Companies and factories regulated by the EU’s emissions trading system (ETS) used a record amount of UN credits (Certified Emissions Reductions and Emissions Reductions Units) to meet their emissions reductions targets last year.
Some 137 million CERs and ERUs were used for compliance last year, an increase of 68% compared to 2009.
“The main reason for the higher usage of UN credits in 201o is probably the EU ban on using credits derived from destroying the industrial by-product gases HFC 23 and N2o from adipic acid projects that will apply from 2013,” said Stig Schjolset, a senior analyst at Thomson Reuters Point Carbon.
“As these credits will hold zero value as compliance instruments during phase 3 of the EU ETS, many operators have probably already opted to surrender a higher amount of such credits in 2010 than would otherwise have been the case,” he added.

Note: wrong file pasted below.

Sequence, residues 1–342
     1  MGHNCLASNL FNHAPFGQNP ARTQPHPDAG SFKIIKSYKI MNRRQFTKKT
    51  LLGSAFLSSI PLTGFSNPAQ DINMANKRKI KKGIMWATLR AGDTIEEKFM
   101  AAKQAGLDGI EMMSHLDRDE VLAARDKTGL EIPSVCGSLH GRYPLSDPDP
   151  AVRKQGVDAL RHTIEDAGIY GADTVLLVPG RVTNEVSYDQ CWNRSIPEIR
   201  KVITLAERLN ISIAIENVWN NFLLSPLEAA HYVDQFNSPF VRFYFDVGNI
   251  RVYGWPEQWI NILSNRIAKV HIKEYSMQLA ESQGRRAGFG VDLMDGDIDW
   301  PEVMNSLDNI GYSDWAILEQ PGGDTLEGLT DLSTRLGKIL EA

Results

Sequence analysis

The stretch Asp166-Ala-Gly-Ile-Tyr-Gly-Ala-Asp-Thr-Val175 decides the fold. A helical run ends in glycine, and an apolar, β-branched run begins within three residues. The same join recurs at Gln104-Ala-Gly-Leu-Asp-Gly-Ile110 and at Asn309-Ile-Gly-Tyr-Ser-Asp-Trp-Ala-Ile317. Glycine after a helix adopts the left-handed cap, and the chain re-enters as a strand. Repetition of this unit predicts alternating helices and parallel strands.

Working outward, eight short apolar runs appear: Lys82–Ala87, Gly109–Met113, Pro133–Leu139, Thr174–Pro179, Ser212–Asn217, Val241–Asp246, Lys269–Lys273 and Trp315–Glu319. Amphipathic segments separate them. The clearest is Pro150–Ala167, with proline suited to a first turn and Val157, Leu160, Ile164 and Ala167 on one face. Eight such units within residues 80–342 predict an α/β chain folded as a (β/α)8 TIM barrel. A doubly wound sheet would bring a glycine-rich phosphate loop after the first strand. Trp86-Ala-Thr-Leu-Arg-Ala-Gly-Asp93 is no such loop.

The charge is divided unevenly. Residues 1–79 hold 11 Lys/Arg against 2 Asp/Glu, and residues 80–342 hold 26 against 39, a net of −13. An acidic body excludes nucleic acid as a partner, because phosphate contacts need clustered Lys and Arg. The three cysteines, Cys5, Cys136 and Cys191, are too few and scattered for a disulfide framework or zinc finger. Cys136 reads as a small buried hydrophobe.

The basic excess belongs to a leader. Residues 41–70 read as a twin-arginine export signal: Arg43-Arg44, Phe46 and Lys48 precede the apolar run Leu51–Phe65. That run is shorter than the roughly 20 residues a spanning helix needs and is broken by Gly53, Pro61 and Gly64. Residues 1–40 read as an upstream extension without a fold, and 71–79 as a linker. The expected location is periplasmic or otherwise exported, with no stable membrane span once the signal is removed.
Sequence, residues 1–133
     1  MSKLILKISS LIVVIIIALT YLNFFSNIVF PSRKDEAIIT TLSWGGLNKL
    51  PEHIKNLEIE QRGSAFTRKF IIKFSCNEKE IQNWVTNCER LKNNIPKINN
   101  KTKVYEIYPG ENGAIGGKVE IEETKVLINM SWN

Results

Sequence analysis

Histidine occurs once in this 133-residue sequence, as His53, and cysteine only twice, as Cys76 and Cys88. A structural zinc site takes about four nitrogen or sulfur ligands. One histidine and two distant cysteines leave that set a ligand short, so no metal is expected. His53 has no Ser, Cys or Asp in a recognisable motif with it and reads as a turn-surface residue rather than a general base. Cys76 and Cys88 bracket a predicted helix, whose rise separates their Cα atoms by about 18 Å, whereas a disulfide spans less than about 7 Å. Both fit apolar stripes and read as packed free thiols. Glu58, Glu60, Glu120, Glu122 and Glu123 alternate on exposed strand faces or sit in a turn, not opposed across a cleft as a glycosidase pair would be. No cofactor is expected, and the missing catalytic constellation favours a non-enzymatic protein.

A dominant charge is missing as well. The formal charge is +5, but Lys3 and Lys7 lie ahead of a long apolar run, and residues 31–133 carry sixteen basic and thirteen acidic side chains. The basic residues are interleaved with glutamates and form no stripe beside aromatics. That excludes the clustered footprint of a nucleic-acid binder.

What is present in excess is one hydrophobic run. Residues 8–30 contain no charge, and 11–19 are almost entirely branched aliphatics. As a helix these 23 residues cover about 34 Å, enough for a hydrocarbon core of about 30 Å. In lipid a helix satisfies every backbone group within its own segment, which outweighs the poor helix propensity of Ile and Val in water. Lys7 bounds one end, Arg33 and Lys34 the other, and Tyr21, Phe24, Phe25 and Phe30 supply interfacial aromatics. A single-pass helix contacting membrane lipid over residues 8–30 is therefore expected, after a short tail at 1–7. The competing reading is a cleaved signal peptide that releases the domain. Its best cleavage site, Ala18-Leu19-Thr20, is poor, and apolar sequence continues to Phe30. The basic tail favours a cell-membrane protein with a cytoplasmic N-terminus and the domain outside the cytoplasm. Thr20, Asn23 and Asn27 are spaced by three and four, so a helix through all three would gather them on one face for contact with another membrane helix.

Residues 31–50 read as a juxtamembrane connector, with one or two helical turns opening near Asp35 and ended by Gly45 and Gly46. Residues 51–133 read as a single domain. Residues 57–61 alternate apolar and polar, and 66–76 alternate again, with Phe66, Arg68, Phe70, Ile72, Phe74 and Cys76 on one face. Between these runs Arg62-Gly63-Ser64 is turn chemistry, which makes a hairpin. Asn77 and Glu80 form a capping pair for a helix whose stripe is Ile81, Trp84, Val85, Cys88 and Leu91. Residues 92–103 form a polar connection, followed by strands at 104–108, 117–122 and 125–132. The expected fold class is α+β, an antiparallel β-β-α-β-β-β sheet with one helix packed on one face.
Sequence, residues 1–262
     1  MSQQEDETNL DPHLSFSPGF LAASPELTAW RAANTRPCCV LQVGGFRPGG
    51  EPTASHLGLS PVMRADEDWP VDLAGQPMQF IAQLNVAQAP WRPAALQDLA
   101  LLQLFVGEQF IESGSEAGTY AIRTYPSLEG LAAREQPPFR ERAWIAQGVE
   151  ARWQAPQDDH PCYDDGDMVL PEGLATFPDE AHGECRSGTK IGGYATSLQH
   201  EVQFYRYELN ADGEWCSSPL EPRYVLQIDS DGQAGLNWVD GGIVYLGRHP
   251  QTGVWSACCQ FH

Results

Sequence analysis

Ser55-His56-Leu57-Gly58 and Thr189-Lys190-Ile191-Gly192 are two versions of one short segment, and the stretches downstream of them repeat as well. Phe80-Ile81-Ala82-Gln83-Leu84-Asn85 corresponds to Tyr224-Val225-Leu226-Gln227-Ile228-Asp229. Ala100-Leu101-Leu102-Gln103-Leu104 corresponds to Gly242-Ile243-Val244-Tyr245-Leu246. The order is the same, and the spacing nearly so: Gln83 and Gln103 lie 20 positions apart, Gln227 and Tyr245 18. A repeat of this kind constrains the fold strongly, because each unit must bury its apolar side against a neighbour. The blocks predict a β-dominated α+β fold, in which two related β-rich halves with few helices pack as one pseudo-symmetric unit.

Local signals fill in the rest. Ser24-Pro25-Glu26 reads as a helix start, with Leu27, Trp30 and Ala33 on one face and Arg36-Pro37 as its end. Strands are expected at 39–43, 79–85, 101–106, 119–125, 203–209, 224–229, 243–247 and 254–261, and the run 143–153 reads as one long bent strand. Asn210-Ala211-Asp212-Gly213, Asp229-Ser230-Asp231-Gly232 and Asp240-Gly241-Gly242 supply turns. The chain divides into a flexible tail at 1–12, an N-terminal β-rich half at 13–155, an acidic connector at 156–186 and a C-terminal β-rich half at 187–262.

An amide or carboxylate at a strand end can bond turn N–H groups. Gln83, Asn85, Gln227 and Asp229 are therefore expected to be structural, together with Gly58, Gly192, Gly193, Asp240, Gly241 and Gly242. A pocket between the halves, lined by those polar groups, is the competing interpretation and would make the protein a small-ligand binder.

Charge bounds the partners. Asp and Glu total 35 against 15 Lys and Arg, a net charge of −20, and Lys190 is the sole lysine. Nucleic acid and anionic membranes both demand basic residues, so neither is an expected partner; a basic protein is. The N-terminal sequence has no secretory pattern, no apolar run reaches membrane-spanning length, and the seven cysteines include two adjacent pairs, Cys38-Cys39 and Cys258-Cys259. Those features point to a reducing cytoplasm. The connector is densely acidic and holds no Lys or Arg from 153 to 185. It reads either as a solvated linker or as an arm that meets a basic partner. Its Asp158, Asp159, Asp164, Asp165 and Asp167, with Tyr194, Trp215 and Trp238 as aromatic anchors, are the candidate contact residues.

The airline sector will be allowed to use 32 million CERs to meet its carbon exposure when it joins the Emissions Trading Sytem next year, according to Deutsche Bank.
Of the 137 million credits used, 117 million were CERs, generated by the clean development mechanism (CDM), up 50% on the 78.5 million CERs used in 2009, and 20 million were ERUs, generated by Joint Implementation Projects, up 600% on the 3.2 million ERUs used in 2009.
On 16 May the European Commission will publish data on which credits have been used for compliance in 2010.